Morning After

There was no obliviating fade to black, and then a reemergence of consciousness and light.  I had been laying in the diluted dark for hours, listening to him breathe deeply next to me, tiptoeing to the bathroom, until the gradient of day and night pulled itself over the horizon, shifted across his bare apartment, and the birds began to chirp.

Tempted to peel off my skinny jeans and let my legs breathe — but that seemed dangerous.  Also tempted to quietly gather my stuff, slip outside, and return to my dorm — but curiosity, and the desire to continue the story I’ve started, kept me under the covers.  And — I’ve only ever seen the moon (or, more realistically, swirling party lights) in a boy’s eyes.  I wanted a glimpse of the sun in them, for the first time.

So I watched his long, brown eyelashes rest on his cheek, until they began to flutter, and a sliver of cornea peeked out.  I turned towards him as he fully blinked awake, and Tony smiled at me.“Good morning,” I said and, in a surge of flirty confidence, pressed my lips against his neck.

Tony hummed in content.  Then he pulled back and looked at me for a second before saying, unsuredly, “Mich…ele?”

“Yes,” I confirmed.  “How much of last night do you remember?”

“Everything.  I was only tipsy.”

“Hmm.  You seemed a little hesitant on my name,” I teased.

“No, I got it,” he protested.

The lapsed conversation threatened awkwardness, but I casually asked, “Do you like waking up like this?”

“I like waking up next to you, Michele.  You?”

I said yes, of course.  Then he asked, “Can you lay on top of me?”

“Mkay,” I said, propping myself up on my elbow to rise.

“With your pants off?” he quickly appended.

I immediately fell back and frowned comically at him, burrowing back into the sheets.

“No, no, wait,” Tony laughed.  “Get back here.  You don’t have to, I’m sorry.”

“You’re insatiable,” I complained, as I rolled onto his chest and started kissing him.

The dialogue was different than the night before.  With my susceptibility decreased, I was quicker to protest something I didn’t like and to respond bluntly.  In truth, the sober words hung in the air uncomfortably.  At one point he said: “I think you want it, but I’m not good enough to you.”

I honestly said, “I think I just don’t know you well enough,” intimidated by his lust.  Once we paused, I sat up and poked him.  “Can you call me an Uber?” I asked, echoing his promise from last night to buy me a ride in the morning.  The suggestion that I would be sleeping over had frightened me, but excited me, at the time.

He agreed, and we began to get dressed.  “Were you hot last night, wearing your jeans?” he asked, as I clasped my strapless bra beneath my shirt.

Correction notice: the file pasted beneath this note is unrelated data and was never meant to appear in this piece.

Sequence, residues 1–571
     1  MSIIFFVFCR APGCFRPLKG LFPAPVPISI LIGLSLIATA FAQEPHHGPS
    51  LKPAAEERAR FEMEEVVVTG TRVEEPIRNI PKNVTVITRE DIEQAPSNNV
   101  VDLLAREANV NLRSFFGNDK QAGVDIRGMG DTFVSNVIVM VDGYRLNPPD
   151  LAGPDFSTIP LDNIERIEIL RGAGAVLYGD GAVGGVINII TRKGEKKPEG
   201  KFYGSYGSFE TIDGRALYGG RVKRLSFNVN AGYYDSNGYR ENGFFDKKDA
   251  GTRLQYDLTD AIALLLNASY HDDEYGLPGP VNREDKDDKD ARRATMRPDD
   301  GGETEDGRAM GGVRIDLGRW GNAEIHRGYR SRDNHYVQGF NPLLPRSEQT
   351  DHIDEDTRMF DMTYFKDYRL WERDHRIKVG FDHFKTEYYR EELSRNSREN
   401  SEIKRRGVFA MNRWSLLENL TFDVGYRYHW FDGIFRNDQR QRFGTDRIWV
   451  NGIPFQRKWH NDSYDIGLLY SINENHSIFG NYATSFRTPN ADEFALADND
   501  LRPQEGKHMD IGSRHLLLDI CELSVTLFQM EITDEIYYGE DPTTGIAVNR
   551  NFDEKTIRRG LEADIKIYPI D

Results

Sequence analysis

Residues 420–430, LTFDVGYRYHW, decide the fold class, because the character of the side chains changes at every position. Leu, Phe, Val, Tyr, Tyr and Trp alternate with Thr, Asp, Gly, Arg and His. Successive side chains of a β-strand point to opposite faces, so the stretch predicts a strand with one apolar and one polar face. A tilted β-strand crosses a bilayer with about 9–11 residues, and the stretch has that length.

“Yes,” I said simply, and we said nothing for a while after that.

I crossed his roommate’s vacant section to the small bathroom.  I had visited its tilted mirror over the sink several times over my sleepless night to stare at my lips, my irises, the burst vessels on my neck.  So I didn’t scrutinize myself this time: I just splashed warm water on my face until my crumbling eyeliner rubbed away.  I glanced at myself before leaving, briefly wondering if I would seem even younger to him without makeup.

Tony was checking his cell when I returned to the room.  “Can I have your number so I can call you next weekend?”  As I typed it in, I was relieved that the desire to see each other again was mutual.  After summoning an Uber, he asked, “You have everything?”

I cast my eye around the room to make sure.  Turning back towards him, our gazes met, and I realized that we were standing pretty close to each other.  I straightened slightly; he looped an arm around my waist — and pleasantly commented, “Perfect height” — before we kissed.

It’s hard to call a kiss with Tony “chaste” — he was a gentle and soft kisser even in heated moments, and though it was short, the magnetic ease of the connection left me weak.  “Okay,” Tony said, brusquely separating, remembering the incoming Uber.

As we descended the stairs and waited on the steps of his building, I marveled at how easy it was to leave.  Me, the girl that usually latches on too quickly and holds on too tight. But this time, I felt light.  My speech and logic felt untethered from sentiment.  Sure, I was excited about this little affair — it was the area between one-night kisses and dating that I hadn’t explored yet.  But I wasn’t sad to leave, and I knew I wouldn’t miss him.

Still…after Tony cursed the damp chilly air and the delayed car, we fell silent, noticed the quietness of the street, exchanged sidelong glances.  Wordlessly, our heads gravitated towards each other; our lips met quickly, again.

I think, like soulmates, we have certain people on this Earth whom we’re destined to be good at kissing — whom we can’t help but kiss.  It’s not deep, or anything — it’s just something I think.



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